The final shape for a key part of the health law — the state-based marketplaces where people will shop for insurance coverage — became clearer Monday in rules issued by the Obama administration.
Under the long-awaited rules, states will have broad flexibility to design their insurance marketplaces, which are set to begin operation in 2014. Some states are working to set up their marketplaces, called exchanges, while others have declined to move forward until the Supreme Court makes its decision on the constitutionality of the federal health law.
Responding to thousands of comments on earlier proposals, the administration made some changes, including setting a requirement that governing boards have at least one voting consumer representative. Earlier rules allowing up to half of the other members to have ties to the insurance industry stayed the same.
That disappoints consumer advocates, who would have preferred the governing boards “be dominated by consumers,” said Timothy Jost, who speaks as a consumer representative before the National Association of Insurance Commissioners and is a professor at the Washington and Lee University School of Law. But Jost said he is pleased the final rules require at least one consumer representative. “It at least gives a toe-hold,” he said.
The exchanges are seen as a key element in the health law, offering one-stop shops for individuals and small businesses looking to purchase health insurance. They will also help determine applicants’ eligibility for programs such as Medicaid, and for federal subsidies to help them purchase insurance. More than 21 million people will purchase coverage through the exchanges by 2016, according to Congressional Budget Office projections.
The Obama administration touted the 646-page set of rules as granting states great flexibility on how they design their exchanges, on the types of organizations – nonprofit or public agency – that will oversee them, and on whether to partner with the federal government to operate parts of it.
Monday’s announcement also included some “interim” rules, which could be tweaked after a 45-day public-comment period. These cover issues such as how quickly states must determine whether an applicant is eligible for Medicaid or the Children’s Health Insurance Program, and the role insurance brokers will play in helping low- and middle-income people apply for federal subsidies to buy coverage.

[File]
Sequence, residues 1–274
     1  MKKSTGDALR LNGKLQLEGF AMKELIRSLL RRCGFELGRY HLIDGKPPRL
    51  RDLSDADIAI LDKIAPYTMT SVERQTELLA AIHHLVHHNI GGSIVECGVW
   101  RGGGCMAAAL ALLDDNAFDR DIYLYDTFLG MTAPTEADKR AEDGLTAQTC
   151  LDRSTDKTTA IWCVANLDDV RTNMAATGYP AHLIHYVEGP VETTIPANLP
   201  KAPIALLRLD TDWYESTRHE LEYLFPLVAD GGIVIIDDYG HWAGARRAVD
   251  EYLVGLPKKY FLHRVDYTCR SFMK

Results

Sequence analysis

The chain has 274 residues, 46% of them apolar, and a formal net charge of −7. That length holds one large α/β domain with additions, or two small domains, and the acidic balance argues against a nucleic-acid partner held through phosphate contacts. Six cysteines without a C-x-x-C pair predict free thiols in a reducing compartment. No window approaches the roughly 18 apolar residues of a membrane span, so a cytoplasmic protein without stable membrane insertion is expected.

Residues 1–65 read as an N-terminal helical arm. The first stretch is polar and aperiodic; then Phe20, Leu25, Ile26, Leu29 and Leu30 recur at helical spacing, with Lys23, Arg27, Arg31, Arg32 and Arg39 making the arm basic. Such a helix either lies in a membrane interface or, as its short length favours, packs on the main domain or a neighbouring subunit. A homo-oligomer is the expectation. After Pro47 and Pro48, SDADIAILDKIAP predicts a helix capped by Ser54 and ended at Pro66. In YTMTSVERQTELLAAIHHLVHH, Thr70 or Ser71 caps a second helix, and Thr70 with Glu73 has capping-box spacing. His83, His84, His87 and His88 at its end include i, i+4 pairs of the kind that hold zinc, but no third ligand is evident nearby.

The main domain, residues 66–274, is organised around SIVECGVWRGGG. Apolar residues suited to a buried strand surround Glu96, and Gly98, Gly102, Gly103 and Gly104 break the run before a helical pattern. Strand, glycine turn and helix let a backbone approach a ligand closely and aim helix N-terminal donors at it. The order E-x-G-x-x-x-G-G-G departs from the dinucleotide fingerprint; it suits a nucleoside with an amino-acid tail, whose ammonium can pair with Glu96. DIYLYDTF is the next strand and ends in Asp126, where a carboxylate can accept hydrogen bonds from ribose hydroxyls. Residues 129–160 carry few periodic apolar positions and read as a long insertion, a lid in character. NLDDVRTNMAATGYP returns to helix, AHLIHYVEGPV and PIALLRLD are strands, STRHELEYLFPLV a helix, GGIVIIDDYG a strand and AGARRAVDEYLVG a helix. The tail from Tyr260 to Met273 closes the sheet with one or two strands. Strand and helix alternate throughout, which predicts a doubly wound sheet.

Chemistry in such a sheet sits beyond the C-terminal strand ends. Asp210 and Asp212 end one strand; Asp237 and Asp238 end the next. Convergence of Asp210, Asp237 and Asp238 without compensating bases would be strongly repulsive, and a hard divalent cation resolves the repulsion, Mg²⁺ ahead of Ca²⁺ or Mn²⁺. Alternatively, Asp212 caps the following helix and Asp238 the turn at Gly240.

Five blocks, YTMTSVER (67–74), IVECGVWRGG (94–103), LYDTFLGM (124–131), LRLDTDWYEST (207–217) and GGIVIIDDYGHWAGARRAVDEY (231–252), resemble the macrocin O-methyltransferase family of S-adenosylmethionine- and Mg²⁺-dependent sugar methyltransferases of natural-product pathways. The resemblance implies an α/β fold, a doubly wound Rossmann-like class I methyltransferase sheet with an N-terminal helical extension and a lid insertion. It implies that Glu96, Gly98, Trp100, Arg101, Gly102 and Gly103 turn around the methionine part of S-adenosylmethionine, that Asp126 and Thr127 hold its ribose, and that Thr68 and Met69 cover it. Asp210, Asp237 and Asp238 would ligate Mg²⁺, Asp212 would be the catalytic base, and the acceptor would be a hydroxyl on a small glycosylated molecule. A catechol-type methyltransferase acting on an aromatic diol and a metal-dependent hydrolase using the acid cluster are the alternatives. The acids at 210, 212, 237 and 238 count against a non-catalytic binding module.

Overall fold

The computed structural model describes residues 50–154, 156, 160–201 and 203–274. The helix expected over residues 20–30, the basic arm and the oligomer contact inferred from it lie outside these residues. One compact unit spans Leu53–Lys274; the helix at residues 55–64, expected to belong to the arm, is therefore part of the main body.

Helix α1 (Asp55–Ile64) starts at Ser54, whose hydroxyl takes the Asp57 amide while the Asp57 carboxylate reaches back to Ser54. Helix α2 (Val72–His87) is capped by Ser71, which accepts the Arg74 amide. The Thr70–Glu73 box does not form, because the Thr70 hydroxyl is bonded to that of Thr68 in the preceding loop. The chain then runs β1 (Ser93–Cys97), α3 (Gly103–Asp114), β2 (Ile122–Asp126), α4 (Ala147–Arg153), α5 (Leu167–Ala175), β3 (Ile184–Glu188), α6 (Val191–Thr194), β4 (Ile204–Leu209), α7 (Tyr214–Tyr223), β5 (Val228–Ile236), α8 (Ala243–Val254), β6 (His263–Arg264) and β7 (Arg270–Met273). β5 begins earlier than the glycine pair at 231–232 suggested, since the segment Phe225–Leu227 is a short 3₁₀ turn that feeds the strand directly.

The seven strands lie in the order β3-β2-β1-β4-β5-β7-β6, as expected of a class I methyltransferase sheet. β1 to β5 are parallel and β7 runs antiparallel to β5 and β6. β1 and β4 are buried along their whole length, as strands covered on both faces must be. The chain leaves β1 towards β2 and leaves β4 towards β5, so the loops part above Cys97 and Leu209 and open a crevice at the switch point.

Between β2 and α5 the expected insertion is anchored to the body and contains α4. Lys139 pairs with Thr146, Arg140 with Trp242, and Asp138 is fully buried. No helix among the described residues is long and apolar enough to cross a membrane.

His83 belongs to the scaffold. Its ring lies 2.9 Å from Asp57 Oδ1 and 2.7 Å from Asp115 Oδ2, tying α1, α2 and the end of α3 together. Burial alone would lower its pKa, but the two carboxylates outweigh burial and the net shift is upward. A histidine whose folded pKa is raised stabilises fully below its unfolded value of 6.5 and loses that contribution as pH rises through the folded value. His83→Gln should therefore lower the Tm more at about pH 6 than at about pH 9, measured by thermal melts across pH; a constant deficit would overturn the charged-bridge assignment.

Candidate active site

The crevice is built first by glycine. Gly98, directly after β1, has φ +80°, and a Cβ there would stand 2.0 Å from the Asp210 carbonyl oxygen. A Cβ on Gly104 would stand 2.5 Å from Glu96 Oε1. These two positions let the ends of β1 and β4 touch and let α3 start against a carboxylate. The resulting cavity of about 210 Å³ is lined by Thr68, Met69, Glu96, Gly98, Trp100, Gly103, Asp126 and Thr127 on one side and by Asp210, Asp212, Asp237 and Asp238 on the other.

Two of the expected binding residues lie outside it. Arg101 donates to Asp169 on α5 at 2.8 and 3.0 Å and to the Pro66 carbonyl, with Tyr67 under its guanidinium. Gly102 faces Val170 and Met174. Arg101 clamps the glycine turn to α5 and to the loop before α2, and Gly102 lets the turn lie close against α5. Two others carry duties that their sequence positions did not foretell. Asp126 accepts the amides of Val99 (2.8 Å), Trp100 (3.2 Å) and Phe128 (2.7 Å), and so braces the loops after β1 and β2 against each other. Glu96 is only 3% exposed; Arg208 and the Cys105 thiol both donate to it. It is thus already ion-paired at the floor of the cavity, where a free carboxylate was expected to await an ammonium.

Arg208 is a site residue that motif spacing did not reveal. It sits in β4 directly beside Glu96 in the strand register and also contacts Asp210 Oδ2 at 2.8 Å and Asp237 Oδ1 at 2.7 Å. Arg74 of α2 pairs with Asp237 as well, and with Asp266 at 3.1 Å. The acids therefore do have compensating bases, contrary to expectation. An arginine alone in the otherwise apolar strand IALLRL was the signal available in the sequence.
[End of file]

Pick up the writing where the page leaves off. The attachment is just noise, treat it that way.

Administration officials said the new rules differ from preliminary regulations in several ways. Earlier guidance had proposed that each exchange be responsible for determining which applicants are eligible for insurance subsidies. The final rule gives states the option to allow the Department of Health and Human Services to conduct eligibility review. To determine who is eligible for Medicaid or the Children’s Health Insurance Plan, states can choose their own Medicaid agencies. It also says states cannot allow insurance agents to determine an applicant’s eligibility for subsidies or Medicaid, which remain government functions. But agents, including those who work for Web-based private exchanges, can assist those applicants in sorting through their health-plan options.
The rules appear to strike a balance between responding to the feedback about earlier proposals and providing more details “so states can move forward,” said Patti Boozang, managing director at Manatt Health Solutions, a law and consulting firm based in New York.
The rules do not explain how the federal government would set up exchanges in states that are unable or unwilling to develop their own marketplaces, with those details promised in future rules. In January, the Obama administration released a report saying that about 28 states are “on their way” toward establishing exchanges. “There’s no new information on how that would work, what the partnership model would look like or what states would have to pay – and that’s all information many states have anxiously awaited,” Boozang said.
Karen Ignagni, president and chief executive of America’s Health Insurance Plans, a trade group, said her organization would be reviewing the rule and offering feedback.
“Exchanges will work best if they are true marketplaces that maximize choice and competition so that individuals, families, and small businesses can purchase plans that are right for them,” she said in a prepared statement. “Consumers will be best served if a state exchange adopts an efficient, cost-effective approach that leverages existing health-plan resources, utilizes federal resources or guidance where sensible, and relies on the exchange itself to administer key functions.”
The law says the exchanges will start taking applications in Oct. 1, 2013. Policies purchased through them would take effect Jan. 1, 2014. States that are allowed to operate their own exchanges must have approval or conditional approval from HHS by Jan. 1, 2013, according to the rules.
In a nod to the fact that some states won’t be able to meet that deadline, the final rules say HHS can grant conditional approval to states that show they are likely to be fully operational by October 2013.
Kaiser Health News is an editorially independent news service of the Kaiser Family Foundation, a nonpartisan health-care policy organization that is not affiliated with Kaiser Permanente.